A million pounds was a lot of money once. It still is for most of us but the rise in people with millions, or even billions, in assets means banks are downgrading some accounts and creating a new layer of ultra exclusive services only available to the super rich.
Hitting the champagne when you reach £1 million can be cause for celebration but when you realise you’re only a “single digit millionaire” and don’t qualify for the top level of services it can be a little deflating.
Last year, JP Morgan raised the minimum amount of investible assets for its services from $5 million to $10 million to remain a private banking customer, pushing about 10% of its clients off into less exclusive services. If you’re one of the 10% that metaphorical slap in the face no doubt stings a lot.
Even before JP Morgan effectively demoted some of its customers, Barclays was at it this side of the pond withdrawing dedicated private bankers and offering a reduced level of service to anyone with less than £500,000 to their name. Prior to that Coutts Bank doubled its minimum amounts from £500,000 to at least £1 million.
At Weatherbys Bank you need an annual gross income of at least £300,000 or have combined assets of at least £3 million. Incomes of £100,000+ or assets of £1 million mean you only qualify for the premier banking services rather than private banking.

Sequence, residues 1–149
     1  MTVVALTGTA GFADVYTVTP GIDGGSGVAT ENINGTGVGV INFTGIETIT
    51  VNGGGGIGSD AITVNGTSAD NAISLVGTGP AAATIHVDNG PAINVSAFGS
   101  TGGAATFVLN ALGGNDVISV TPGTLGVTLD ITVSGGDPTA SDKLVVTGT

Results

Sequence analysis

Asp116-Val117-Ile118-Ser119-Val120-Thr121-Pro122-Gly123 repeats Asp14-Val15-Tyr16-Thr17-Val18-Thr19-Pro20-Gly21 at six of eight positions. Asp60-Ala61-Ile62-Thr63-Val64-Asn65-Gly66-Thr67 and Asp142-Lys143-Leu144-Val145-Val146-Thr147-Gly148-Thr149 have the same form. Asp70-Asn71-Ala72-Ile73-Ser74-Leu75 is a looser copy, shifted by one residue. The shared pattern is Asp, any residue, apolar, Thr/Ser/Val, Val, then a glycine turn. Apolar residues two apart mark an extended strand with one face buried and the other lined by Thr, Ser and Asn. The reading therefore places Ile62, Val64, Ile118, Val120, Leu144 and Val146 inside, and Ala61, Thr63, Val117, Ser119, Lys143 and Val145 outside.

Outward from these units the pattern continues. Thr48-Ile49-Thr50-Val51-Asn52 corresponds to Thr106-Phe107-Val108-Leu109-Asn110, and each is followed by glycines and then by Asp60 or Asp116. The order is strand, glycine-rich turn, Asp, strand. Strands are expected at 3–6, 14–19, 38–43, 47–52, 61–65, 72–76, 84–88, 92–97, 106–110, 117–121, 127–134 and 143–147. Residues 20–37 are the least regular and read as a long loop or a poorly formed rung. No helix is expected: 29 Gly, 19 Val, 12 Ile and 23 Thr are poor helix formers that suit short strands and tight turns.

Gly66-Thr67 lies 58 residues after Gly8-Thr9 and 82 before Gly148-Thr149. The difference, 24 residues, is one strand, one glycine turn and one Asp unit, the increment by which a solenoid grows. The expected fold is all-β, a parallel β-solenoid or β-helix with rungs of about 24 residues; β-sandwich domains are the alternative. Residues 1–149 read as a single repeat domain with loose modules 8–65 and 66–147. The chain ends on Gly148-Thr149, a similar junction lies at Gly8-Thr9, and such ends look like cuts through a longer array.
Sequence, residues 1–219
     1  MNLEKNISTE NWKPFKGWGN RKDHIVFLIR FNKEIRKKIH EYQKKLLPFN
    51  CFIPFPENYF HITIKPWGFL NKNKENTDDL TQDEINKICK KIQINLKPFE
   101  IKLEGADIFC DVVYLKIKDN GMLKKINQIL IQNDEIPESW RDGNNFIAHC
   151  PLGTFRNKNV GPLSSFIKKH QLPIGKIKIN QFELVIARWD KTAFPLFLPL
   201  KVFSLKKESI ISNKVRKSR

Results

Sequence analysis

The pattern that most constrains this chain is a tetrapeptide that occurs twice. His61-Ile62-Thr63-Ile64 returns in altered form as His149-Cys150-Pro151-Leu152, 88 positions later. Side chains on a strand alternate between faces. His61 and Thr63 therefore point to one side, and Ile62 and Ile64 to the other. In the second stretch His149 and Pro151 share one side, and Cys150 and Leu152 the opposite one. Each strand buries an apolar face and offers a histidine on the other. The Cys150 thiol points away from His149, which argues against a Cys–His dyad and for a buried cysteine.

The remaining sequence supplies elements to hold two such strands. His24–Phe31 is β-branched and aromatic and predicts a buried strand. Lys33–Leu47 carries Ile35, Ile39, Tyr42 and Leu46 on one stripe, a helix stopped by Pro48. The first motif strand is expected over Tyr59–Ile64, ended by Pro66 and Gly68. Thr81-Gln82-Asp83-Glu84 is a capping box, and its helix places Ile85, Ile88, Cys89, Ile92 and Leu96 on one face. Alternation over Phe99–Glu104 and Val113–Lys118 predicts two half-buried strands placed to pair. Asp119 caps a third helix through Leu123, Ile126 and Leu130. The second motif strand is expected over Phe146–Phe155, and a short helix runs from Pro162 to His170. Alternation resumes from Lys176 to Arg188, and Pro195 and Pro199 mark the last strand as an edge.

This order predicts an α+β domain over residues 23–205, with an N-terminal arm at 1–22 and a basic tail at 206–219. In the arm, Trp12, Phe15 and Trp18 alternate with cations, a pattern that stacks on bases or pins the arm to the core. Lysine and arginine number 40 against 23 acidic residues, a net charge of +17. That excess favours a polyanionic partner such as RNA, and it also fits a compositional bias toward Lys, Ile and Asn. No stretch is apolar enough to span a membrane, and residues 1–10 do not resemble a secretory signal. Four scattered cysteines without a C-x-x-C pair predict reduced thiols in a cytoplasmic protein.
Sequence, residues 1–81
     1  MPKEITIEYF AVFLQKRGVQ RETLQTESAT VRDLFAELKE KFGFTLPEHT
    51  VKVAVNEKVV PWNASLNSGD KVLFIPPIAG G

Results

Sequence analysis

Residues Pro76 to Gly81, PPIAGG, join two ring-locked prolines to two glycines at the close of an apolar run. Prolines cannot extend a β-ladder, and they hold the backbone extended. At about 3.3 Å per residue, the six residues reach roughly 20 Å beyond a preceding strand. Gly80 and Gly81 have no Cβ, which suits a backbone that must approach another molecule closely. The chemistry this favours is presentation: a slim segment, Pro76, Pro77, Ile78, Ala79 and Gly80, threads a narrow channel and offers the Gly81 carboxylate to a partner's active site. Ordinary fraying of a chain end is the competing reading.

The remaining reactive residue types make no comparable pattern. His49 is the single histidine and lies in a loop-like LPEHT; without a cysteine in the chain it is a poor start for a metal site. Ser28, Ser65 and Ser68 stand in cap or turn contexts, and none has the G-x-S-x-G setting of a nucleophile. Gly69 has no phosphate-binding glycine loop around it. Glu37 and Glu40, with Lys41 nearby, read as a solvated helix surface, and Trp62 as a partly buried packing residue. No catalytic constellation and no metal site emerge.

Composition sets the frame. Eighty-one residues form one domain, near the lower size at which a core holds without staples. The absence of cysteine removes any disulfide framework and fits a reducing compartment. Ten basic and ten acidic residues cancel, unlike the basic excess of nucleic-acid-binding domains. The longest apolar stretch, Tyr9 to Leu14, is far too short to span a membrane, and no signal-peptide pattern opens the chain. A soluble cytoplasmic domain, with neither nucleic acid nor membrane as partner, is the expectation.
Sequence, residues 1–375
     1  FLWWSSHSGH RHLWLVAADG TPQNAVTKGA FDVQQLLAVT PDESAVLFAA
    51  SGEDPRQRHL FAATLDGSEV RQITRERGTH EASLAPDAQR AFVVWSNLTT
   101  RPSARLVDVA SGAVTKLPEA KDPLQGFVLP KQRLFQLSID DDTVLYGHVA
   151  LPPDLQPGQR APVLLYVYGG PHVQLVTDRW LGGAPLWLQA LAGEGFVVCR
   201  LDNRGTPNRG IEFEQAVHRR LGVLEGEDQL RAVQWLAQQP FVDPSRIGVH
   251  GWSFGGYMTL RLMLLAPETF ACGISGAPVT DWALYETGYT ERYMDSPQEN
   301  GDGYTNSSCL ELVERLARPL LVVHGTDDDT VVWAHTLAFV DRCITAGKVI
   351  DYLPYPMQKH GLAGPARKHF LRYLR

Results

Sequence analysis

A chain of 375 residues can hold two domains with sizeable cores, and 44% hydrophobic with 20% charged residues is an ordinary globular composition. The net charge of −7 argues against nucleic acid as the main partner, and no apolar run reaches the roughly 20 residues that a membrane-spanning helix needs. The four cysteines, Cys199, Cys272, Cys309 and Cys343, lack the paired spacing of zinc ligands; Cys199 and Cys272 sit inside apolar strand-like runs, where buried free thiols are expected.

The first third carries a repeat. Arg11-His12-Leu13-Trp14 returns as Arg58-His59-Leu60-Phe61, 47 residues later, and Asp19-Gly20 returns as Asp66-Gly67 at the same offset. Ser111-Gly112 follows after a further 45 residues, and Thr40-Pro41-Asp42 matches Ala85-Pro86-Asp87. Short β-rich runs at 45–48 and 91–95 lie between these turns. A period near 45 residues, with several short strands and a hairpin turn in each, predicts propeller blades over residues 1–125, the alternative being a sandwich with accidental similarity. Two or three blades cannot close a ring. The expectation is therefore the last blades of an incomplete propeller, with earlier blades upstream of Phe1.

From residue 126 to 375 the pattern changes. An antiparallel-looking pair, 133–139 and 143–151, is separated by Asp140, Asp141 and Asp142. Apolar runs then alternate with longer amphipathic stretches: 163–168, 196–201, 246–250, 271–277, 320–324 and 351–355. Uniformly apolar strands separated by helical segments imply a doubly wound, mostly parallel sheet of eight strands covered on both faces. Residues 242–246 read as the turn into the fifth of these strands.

Goldman Sachs is up there with JP Morgan – you need $10 million to even get a look in with its private banking services.
So why has there been a shift?
The rate at which people are becoming millionaires is growing massively and private banks can no longer cope. According to Barclays, there were 690,000 millionaires in the UK in last year. In 2010, it was 508,000. That equates to one in every 67 people in the country. The UK has the fourth highest number of millionaires after the USA, China and Japan.
Much like lots of people have degrees these days, being a millionaire is no longer anything special.
As for billionaires, this year’s Sunday Times Rich List revealed there were 134 of them in the UK with a combined wealth of £658 billion.
The shift of private banking towards super rich individuals is partly a move to encourage clients to move any other assets they have to be managed by them and also allows banks to pick and choose who they deal with – shutting everyone but the super elite out from exclusive services and retaining that aura of exclusivity.
Banks are also in the business of making money and the simple fact is they make far more from their wealthiest clients. The hard truth is banks have struggled to make money in recent years and investing time and money in people with few assets and therefore, far lower returns, is less palatable than investing in those who have lots.
What do you get with private banking?
Private banking offers a much more bespoke service tailored to your personal needs. You can enjoy:
- Personalised service where you deal with the same person, much like an old-fashioned bank manager and financial adviser rolled into one
- Wealth planning, succession planning and trust services
- Investment advice and portfolio management
- Access to larger mortgages and loans
- Business lounge access at airports and concierge services
- The social cache of being a member of a private bank